Thursday, May 30, 2024

EPA Proposes to Cancel All but One Use of Pesticide Acephate to Protect Human Health

Today, the U.S. Environmental Protection Agency (EPA) is releasing a proposed interim decision (PID) to cancel all but one use of the pesticide acephate. This decision is based on EPA’s updated human health draft risk assessment (HH DRA) and drinking water assessment (DWA) that were released last year, which showed significant dietary risks from drinking water for currently registered uses of acephate.

EPA also identified worker, homeowner, and ecological risks that would be mitigated by the proposed cancellations.

Acephate is an organophosphate (OP) pesticide that is registered for both agricultural uses, such as cotton and soybean, and non-agricultural uses, such as tree injections for forestry and ant mound treatment around homes.

Acephate interacts with the nervous system by inhibiting the acetylcholinesterase (AChE) enzyme. This process makes the pesticide effective against insects, but it can also occur in mammals, including humans, depending on the level of acephate exposure.

At high levels of OP exposures, AChE inhibition can lead to neurological effects such as tremors, fatigue, and nausea. AChE inhibition has been found to be the most sensitive human health effect for evaluating exposures to acephate.

The Agency is proposing to maintain the use of acephate for tree injection because it does not contribute to drinking water exposure, there are no risks for workers, and, with label changes, would not pose risks to the environment. Tree injections allow the pesticide to move throughout the tree to control pests. This use of acephate is only allowed for use on trees that do not produce food for human consumption.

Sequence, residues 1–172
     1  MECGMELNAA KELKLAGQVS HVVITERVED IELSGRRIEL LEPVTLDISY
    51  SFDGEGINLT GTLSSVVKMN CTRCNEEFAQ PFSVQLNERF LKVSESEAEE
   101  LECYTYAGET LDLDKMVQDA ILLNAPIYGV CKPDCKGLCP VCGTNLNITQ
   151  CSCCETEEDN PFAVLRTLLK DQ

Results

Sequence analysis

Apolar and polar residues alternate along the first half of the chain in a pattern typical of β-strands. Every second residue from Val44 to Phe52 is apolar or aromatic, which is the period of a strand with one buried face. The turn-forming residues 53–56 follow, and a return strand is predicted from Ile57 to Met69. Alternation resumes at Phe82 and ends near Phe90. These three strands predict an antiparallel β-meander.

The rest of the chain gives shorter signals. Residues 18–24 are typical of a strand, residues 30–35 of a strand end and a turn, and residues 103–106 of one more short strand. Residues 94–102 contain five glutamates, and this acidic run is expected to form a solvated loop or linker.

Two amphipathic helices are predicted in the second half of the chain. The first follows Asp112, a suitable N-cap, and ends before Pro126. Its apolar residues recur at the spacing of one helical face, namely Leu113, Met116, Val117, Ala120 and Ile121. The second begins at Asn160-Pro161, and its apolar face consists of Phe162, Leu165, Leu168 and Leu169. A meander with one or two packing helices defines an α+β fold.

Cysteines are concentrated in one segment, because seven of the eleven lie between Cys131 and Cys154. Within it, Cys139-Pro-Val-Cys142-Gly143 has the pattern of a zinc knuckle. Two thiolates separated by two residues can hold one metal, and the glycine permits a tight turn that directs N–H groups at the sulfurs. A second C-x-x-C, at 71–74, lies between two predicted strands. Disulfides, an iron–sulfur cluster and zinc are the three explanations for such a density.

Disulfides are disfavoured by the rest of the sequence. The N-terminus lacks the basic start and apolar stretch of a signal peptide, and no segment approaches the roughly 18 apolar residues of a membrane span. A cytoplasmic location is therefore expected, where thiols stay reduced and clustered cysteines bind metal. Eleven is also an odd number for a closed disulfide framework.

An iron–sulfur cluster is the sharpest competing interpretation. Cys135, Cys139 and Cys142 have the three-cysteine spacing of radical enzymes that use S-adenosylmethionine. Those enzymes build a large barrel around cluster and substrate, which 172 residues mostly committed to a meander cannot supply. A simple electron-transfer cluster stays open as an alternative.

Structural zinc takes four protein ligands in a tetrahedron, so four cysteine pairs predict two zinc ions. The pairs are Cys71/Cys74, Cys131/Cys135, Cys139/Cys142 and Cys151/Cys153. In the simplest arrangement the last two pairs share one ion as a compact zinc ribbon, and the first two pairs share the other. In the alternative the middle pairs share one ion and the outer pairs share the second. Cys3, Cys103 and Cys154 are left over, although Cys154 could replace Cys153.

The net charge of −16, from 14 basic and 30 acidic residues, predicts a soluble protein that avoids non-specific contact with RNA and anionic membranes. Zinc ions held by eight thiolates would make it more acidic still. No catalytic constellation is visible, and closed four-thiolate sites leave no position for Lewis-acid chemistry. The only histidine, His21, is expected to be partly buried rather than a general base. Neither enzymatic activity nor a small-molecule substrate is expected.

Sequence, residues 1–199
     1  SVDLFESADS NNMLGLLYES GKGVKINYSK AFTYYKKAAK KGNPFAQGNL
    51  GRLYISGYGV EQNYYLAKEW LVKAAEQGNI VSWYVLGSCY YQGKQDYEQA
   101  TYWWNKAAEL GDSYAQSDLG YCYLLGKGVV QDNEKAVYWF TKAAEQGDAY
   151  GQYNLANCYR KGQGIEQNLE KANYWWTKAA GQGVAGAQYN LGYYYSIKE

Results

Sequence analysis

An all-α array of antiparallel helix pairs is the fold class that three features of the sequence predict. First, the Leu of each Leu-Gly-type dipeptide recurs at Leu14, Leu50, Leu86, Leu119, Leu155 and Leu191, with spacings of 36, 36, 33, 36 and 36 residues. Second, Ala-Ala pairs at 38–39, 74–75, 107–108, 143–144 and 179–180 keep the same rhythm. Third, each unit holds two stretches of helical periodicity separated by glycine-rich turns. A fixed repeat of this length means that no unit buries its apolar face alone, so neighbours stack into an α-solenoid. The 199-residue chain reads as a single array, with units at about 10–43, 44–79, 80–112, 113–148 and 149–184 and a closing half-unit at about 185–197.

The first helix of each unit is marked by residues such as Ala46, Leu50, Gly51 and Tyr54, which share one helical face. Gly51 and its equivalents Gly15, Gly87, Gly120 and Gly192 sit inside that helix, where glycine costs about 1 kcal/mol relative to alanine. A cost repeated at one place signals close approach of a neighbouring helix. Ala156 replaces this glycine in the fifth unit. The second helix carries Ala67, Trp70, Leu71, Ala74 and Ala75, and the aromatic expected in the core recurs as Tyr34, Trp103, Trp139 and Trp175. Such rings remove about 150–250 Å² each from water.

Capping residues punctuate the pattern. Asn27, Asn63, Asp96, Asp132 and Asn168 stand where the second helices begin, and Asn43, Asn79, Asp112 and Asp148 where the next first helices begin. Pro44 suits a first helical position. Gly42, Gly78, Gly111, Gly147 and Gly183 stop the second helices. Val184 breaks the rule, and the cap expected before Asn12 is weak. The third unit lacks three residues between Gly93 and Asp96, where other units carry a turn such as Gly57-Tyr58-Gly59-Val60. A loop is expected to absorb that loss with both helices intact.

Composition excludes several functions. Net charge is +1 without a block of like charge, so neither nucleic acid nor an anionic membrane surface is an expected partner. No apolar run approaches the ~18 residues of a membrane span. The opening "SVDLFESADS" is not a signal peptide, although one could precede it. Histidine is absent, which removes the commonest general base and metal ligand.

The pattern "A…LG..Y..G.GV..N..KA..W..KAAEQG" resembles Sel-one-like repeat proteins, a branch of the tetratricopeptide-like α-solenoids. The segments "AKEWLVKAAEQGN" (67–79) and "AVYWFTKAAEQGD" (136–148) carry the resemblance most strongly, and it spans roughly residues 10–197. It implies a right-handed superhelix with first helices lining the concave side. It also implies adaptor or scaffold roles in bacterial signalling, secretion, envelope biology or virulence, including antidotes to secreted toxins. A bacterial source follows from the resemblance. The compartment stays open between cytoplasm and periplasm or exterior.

Acephate is proceeding through EPA’s standard registration review process. The revised HH DRA and DWA released in August 2023 and the PID released today are open for public comment for 60 days. Commenters may propose alternative mitigation for the Agency’s consideration for some or all uses of acephate, and the Agency will respond to these comments in the Interim Decision.

If EPA determines that alternative mitigation options that are voluntarily agreed to by the registrant can address the identified risks to satisfy the standard for continued registration of the pesticide, this could allow EPA to put protections in place faster than the statutorily required process for involuntary cancellation that can take up to five years.

Acephate is one of 18 OPs currently in registration review, with many scheduled to have interim decisions between 2024-2026.

For more information on the registration review of acephate and to provide comments on the PID and updated assessments, please visit the acephate docket on regulations.gov under the docket ID EPA-HQ-OPP-2008-0915.


This article is provided by the Environmental Protection Agency.

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